Scattered

A photo taken at Orwell Dam near Fergus Falls shows numerous carp carcasses thrown on the shore. Despite being an invasive species, Otter Tail County conservation officer Troy Richards encourages anglers to dispose of the fish the proper way.

Otter Tail County conservation officer Troy Richards said Thursday that anglers frequenting the waters below Orwell Dam southwest of Fergus Falls are in jeopardy of losing their fishing rights.

The Army Corps of Engineers controls access to the dam and for some time their people at the facility have been very disappointed with some of the slob fishermen visiting the Otter Tail River facility. They have been called upon to remove dead carp carcasses left on the ground near the river.

“They’ll probably be putting up signs,” Richards said.

The waters below the dam have drawn anglers for many years. Richards said he has even seen fly fishermen going after rough fish during the winter months. The swift current of the river below the dam has made it a perfect hunting ground for the bowfishing crowd and they arrowed a large number of rough fish out of the river this past winter. There is no limit on carp during the season because carp are considered one of the most damaging aquatic invasive species. Their impact on wetlands and shallow lakes has been severe. Their bottom feeding roots up shallow plants, muddy the water and release phosphorus which is known to encourage algae.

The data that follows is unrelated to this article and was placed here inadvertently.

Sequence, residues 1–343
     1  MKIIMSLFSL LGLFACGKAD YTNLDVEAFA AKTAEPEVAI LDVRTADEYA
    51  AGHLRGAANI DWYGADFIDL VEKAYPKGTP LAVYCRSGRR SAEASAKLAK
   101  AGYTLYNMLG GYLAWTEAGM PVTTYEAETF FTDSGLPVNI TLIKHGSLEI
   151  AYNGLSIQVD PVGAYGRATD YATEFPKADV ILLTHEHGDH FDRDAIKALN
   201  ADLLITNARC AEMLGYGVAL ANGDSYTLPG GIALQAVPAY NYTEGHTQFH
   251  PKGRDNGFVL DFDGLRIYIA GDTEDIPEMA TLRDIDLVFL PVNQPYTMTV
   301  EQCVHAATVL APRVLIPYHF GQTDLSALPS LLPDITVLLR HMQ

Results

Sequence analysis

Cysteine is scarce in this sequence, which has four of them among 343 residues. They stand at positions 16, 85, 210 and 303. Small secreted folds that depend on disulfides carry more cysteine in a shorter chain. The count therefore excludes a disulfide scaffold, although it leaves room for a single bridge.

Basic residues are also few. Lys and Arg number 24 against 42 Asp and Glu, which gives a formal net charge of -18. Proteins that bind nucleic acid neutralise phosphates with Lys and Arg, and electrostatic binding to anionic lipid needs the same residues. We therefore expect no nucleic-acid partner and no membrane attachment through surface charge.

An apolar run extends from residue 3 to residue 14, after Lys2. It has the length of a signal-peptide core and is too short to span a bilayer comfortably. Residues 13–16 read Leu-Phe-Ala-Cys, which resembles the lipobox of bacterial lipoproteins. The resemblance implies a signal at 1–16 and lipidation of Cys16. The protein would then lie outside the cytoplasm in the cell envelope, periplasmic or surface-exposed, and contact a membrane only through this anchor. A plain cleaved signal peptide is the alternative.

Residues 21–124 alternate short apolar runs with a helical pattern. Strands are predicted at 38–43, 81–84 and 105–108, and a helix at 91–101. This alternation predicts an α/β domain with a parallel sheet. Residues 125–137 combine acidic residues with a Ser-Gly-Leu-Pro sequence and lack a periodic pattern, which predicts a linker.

“It’s a very popular sport - bowfishing,” Richards said. “It’s good in a certain way.”

The season is now over for bowfishing and having bowfishing equipment in proximity of a Minnesota lake or river is against the law. Richards recently had the duty of dealing with a group of young men who were not completely aware of this fact.

Richards pointed out that while there is no limit on carp during the archery season there is also no reason to leave dead, rotting carp carcasses scattered around. 

“I’ve had numerous complaints,” the local Department of Natural Resources conservation officer said. 

Richards knows of several places to take a haul of dead rough fish. There are turtle farms that will take them and the Chahinkapa Zoo in Wahpeton feed rough fish to their bears.

Richards is not in favor of fishermen who dump their dead rough fish in ditches. He recommended disposing of them wherever it can legally be done. 

Regular statewide bowfishing opens again April 25 and goes until Feb. 28, 2021.

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